POWER is an attractive thing, particularly when associated with public office. The practical aspect of exercising authority is usually tedious, so the drug of power has to be strong to keep hold of its addicts. Addicts are generally to be pitied, but public servants who pursue high office for reasons of self-aggrandisement, or those who cling on to it beyond the point of ridicule, can cause immense damage to the body politic and the country at large. Judgement hangs over the UK’s politicians at present, but also over those who hold or aspire to power in the Church, as indicated by a letter in this paper last week.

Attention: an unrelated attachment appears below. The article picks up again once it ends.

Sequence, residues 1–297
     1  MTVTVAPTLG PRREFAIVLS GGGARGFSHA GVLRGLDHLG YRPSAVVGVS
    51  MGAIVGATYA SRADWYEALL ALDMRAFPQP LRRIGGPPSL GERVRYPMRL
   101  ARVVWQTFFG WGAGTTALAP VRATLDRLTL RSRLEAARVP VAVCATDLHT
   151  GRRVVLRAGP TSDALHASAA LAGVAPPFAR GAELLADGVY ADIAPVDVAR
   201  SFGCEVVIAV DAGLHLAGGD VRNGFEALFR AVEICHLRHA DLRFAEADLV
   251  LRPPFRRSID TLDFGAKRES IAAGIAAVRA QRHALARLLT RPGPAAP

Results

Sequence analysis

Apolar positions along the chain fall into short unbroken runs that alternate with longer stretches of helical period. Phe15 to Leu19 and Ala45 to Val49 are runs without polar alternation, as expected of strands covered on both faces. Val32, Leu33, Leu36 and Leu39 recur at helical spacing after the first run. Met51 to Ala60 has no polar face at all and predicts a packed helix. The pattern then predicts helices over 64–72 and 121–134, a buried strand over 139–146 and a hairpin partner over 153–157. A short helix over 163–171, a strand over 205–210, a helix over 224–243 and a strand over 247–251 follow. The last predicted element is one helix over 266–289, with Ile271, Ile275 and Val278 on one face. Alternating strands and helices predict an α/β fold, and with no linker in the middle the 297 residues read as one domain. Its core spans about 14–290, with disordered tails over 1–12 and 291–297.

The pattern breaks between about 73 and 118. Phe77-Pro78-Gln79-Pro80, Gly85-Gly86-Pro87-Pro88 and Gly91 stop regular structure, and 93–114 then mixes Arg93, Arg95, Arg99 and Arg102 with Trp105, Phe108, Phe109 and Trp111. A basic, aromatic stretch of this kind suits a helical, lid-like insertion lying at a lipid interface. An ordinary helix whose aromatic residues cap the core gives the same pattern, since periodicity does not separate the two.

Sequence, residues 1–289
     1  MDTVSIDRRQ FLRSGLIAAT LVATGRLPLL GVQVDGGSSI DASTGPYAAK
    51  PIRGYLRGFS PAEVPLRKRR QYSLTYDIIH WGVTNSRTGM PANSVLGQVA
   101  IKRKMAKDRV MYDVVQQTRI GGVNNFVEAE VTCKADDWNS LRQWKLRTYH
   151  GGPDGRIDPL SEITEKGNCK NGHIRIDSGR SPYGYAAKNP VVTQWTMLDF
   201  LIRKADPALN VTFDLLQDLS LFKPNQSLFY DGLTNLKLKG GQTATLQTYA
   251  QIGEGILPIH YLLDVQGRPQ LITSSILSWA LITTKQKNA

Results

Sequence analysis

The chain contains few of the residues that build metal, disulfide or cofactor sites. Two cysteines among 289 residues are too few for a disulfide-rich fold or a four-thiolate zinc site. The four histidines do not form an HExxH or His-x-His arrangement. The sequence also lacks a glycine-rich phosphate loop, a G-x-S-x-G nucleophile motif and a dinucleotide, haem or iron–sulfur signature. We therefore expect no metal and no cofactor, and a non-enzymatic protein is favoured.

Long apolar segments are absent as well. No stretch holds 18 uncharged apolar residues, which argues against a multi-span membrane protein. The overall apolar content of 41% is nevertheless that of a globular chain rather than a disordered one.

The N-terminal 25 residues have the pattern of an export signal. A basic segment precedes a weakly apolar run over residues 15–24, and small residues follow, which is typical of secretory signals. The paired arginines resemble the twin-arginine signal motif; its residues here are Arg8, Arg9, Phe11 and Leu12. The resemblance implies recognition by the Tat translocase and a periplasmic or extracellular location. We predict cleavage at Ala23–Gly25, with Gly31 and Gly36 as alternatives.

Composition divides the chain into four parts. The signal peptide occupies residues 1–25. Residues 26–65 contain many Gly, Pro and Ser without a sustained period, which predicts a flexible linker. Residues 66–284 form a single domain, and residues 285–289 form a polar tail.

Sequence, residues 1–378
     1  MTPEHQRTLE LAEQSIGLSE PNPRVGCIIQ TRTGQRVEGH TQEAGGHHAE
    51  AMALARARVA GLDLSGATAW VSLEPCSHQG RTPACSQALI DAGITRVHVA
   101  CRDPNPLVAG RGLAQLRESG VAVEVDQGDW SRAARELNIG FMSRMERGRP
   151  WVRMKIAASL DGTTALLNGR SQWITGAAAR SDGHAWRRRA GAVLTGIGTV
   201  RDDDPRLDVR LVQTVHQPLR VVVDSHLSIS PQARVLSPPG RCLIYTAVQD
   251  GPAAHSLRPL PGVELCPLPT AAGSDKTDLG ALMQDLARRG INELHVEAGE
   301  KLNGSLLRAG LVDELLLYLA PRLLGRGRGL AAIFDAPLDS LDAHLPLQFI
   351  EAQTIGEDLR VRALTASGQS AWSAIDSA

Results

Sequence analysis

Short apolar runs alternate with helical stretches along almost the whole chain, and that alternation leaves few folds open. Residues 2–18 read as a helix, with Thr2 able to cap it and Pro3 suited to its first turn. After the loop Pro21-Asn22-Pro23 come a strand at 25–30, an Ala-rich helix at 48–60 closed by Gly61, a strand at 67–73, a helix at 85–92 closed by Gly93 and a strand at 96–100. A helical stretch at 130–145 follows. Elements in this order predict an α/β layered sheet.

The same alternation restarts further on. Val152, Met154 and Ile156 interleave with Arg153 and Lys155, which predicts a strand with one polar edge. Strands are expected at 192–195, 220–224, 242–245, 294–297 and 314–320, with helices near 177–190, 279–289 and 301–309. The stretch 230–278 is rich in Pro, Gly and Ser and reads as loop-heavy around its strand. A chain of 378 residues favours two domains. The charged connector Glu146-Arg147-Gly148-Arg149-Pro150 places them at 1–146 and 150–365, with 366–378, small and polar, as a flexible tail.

The image of God as a powerless infant is both the most attractive — according to church-attendance figures — and the most vital aspect of Christianity. Dr Hammond writes in this issue of the experience of powerlessness in a domestic setting. It is at least as important in the political world. Christians often take too literal a view of the Gospel stories, seeing Christ’s infancy as a short stage on his way to triumphant and everlasting kingship. But no characteristic of God is temporary. Not only is Christ’s helpless recalled afresh in this season each year: God has taken the whole of our human nature upon himself, and this aspect needs to be worked into the Church’s worldview. Throughout his earthly life, Christ dwelt with the poor and disenfranchised, an approach he might easily have learnt at his mother’s knee, and resisted temptations to exercise worldly power. Unless the Church takes hold of this radically alternative view of how to order the world, it has nothing new to contribute to society at large, and has no help to offer political leaders who seek to hold on to power and, inevitably, find themselves adrift.